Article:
Anyway, I won’t bore anyone with more details, because none of this is concerned with problems related to the game itself, all these problems were self-imposed by limitations of the implementation language and an architecture that did not match the problem domain very well. Let’s focus on the code changes I made to fix or avoid code kludges resulting from insisting on using classic OOP inheritance.

I took a bit of an ‘ECS-lite’ approach to get rid of the derived K14Scriptable... classes, replacing them by ‘scripting component classes’ as you could find them in a ‘real’ ECS architecture. I stopped there though, and didn’t create components for other aspects of entities. Entities are still represented by the relatively ‘rich’ OOP class K14Entity, which directly implements all entity data and behavior, except its scripting capabilities. The scripting component is now always present, but in theory could be ‘attached’ to an entity instance after creating it, if needed even in the middle of a game. Appropriate hooks were added in e.g. the K14Entity step method, to call the script component step method if an entity has one. When the entity is serialized, advertised properties of the Lua class that implements the entity are retrieved through the scripting component and sent to the NSCoder as key-value pairs. When deserializing the instance, the scripting component can simply be re-created, creating a fresh Lua instance for the entity, which is restored to its original state using the serialized Lua properties.

I applied the same concept to the K14Game and K14Planet classes, even though they would have no part in a ‘real’ entity-component system, as they are neither entities nor components. I also didn’t reduce references from the scripting components to the scripted K14Entity to numerical id’s as you would usually do in a pure ECS, using some kind of ‘component manager’ to retrieve entities by id. Instead, I simply used weak pointers from the scripting component to its K14Entity. Summarizing, basically the only thing I used from ECS architecture is using composition instead of inheritance ;-)

It may seem like I spent a lot of time describing such a simple change from inheritance to composition for entities, but it cannot be understated in how many places this simplified the code. OOP is a useful programming paradigm and inheritance can be a powerful tool, but like any other powerful tool, when used blindly or careless, it will get you into trouble. I may have only used one aspect of ECS architectures (favor composition over inheritance) and still don’t benefit from any of its other advantages because I ignored others (data-oriented design, getting rid of a class to represent entities completely, replacing it by just a numerical id), but I already feel like the quality of one of the most important parts of the core engine of the game has improved a lot. I will definitely apply the lessons learned when adding additional core-engine capabilities to entities in the future.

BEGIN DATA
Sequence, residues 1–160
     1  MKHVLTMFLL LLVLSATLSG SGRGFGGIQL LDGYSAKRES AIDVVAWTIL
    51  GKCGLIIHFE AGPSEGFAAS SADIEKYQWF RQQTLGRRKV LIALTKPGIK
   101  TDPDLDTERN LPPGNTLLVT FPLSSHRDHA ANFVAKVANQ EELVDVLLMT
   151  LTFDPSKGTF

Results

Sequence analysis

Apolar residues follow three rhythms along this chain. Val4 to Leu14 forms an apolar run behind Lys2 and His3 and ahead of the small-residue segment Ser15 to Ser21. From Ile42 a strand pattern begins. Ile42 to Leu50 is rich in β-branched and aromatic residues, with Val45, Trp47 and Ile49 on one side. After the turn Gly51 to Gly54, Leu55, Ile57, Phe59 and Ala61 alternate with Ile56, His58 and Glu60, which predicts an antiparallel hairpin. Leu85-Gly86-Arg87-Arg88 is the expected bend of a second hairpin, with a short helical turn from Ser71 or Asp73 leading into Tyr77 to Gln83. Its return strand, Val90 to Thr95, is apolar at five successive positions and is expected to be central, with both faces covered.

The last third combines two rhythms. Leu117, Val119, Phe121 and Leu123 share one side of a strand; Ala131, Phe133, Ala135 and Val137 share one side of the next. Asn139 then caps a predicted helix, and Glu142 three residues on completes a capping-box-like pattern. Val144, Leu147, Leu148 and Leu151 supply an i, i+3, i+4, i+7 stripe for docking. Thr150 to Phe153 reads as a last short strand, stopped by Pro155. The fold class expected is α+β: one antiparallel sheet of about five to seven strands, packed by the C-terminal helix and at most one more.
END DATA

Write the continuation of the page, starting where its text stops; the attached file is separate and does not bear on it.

Adding it all up

I’ve put together two simplified architecture diagrams to illustrate the ‘before’ and ‘after’ situations, which may be useful to put all of the above in perspective. First the ‘before’ architecture:

And the architecture after introducing render buffers, getting rid of the snapshot classes, and replacing the scripting classes K14Scriptable... by scripting component classes K14Lua...:

These should speak for themselves if you’ve read all of the above, so I’ll leave most of their interpretation as an exercise for the reader ;-). One thing that deserves mention is the color-coding in the diagrams. Using the red (core engine), green (rendering) and blue (scripting) boxes, I’ve tried to indicate the areas where these three components of the game overlap (in functionality or representation), or have some kind of internal (practical, implementation-related) dependency on each other, for the ‘before’ and ‘after’ situations. The way these boxes are drawn is not very scientific, maybe not even completely correct, but they paint a relatively accurate picture of the entanglement between the main components in the ‘before’ situation, and the clean separation of concerns in the ‘after’ situation.

Next steps

Now that I feel the core parts of the game are implemented in a clean and sane way, I finally feel like I can safely start adding additional complexity, in the form of new features. As mentioned before, the first thing will be modifiable planet surfaces controlled by switches and servo’s. Another minor thing that has been on my list for quite a while is adding support for serializing and re-creating joints, when freezing the game, or when creating/replaying action replays. Right now, joints such as the ship-orb joint are not serialized, which means any replay that starts from a state where the orb is lifted will be useless, just like looping a replay that ends while the orb is lifted. I will try to fix this ‘on the side’.

Development scoreboard

Compared to the total development time so far, I feel like I spent an enormous amount of time pulling the old code apart and re-assembling it without the snapshot classes and the K14Scriptable... game, planet and entity subclasses. I estimate about 20 hours, but I could be an hour or two off. I prefer to err on the safe side, so I’ll round up, and quote total development time at ~275 hours. Native code SLOC count went up by 769 lines compared to before I implemented planet definitions, for a total of 7172. Most of the extra code can be attributed to reading, parsing and serializing planet definitions. I was a little disappointed with this number, as I had hoped that removing the snapshot classes would actually reduce the SLOC count so much it would offset the line count added by new functionality, but as it turns out the boilerplate required to implement the render buffer and the render commands is about the same amount of code as was removed by deprecating the snapshot classes. Lua SLOC count is at 628, down from 649, which can be attributed to removing some debug/test code, nothing new was added.